South Africa’s university campuses are in chaos as the Fees Must Fall movement for free education gathers momentum.
Several times over the last few weeks, riot police faced off against students singing liberation anthems while lecture halls, science labs and lawns reserved for graduation ceremonies have become the site of running battles, with teargas and stones exchanged in battle. Classes have been suspended for fear of students’ and lecturers’ safety. The students at the fore of these protests have vowed that no classes will continue until their rallying cry for free schooling becomes reality.
The most visible protest have taken place on South Africa’s formerly white-only campuses, led by the University of Cape Town and Johannesburg’s University of the Witwatersrand (known as Wits University).
Critics argue these protests are the actions of a privileged few since these once-segregated public schools remain the country’s best universities, and the most expensive. Most of South Africa’s 27 universities are in a dire condition, according to rights group Equal Education, but protests on these less prestigious campuses do not garner the same public attention.
This year’s protests have been more fraught as the gulf between student leaders, universities and the government become ever wider. The torching of a library and decades-old texts at the University of KwaZulu-Natal eroded public support but also raised the uncomfortable question on the value placed on libraries versus poor students’ access to those libraries. The increased presence of police and private security on campuses has only heightened tension. The student movements have not been without blame, and have been accused of coercion and intimidation, but they have also garnered the support of political heavyweights including Winnie Mandela.
The violence will not stop until tuition fees are scrapped, say the students gathering under the #FeesMustFall banner. Their cause is guided by South Africa’s constitution, which states “everyone has the right to further education, which the state, through reasonable measures, must make progressively available and accessible.” But as with many rights like water and housing, South Africa does not seem to have the political will or the financial resources to implement its ideological values.
Last year, the #FeesMustFall movement ensured there were no fee increases for 2016. This year’s protests were sparked by an announcement from higher education minister Blade Nzimande that universities should determine their own fee increases for 2017, but capped the amount at 8%, citing a tightening state budget and inflation, but essentially passing the buck back to individual universities.
Nzimande added that the government will cover the tuition increases for students on National Student Financial Aid Scheme. And those who formed part of the “missing middle class”—students whose parents earned more than the national funding scheme’s threshold—would also be exempt from free increases. Student leaders began to meet immediately after the televised announcement on Sept. 19, rejecting the government’s strategy.
To provide free higher education would require financial restructuring that South Africa’s ailing budget cannot handle, according to treasury. Finance Minister Pravin Gordhan allocated 28 billion rand (just over $2 billion) for university subsidies and 14.3 billion rand (just over $1 billion) to the national funding scheme for the 2016/2017 financial year.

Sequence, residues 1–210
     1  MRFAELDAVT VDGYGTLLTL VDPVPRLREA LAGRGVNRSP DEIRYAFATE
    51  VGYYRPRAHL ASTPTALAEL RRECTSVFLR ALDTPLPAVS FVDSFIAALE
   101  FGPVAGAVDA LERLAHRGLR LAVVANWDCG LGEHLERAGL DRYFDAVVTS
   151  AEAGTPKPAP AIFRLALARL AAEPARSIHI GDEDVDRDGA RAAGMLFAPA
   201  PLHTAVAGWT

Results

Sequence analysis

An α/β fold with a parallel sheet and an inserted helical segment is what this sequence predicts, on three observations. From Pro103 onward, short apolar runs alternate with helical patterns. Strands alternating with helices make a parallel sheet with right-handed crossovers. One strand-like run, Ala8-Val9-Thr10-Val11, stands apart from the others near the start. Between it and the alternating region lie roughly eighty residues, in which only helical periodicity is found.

South Africa’s blueprint for national success, known as the National Development Plan, needs 1.6 million graduates by 2030. That would require at least 2% of the GDP, according to PWC South Africa and other analysts. South Africa spends less than 0.8% of its GDP on higher education. Gordhan has agreed to meet with protesting students in the coming days, but says South Africa’s 0.4% GDP growth rate meant the budget is already constrained.
But a leaked 2012 report outlining a model for free university for the country’s poorest students (those from homes with an income in the lowest tax bracket of 188,000 rand or $13,160) showed that free education is possible in South Africa. The report, commissioned by the higher education ministry, was only released after an activist group filed a freedom of information request, known in South Africa as Promotion of Access to Information Act application.
“Free university education for the poor in South Africa is feasible, but will require significant additional funding of both [the National Student Financial Aid Scheme] NSFAS and the university system,” the report concluded.
It outlined the need to completely restructure the National Student Financial Aid Scheme, broadening the definition of poverty so as to benefit a greater number of students and placing more of the burden on state funding rather than relying on poor students (many of whom drop out due to a lack of financial and academic support) to pay back their loans in the event they find a job. The report also recommended greater support for students, including consideration for learning materials. The detailed recommendations place the burden on the state to fix South Africa’s education crisis.
“The question that South Africans need to be asking is: What kind of a society are we trying to create?” the report reads. “And the answer to that question is unequivocal: A society that is socially just.”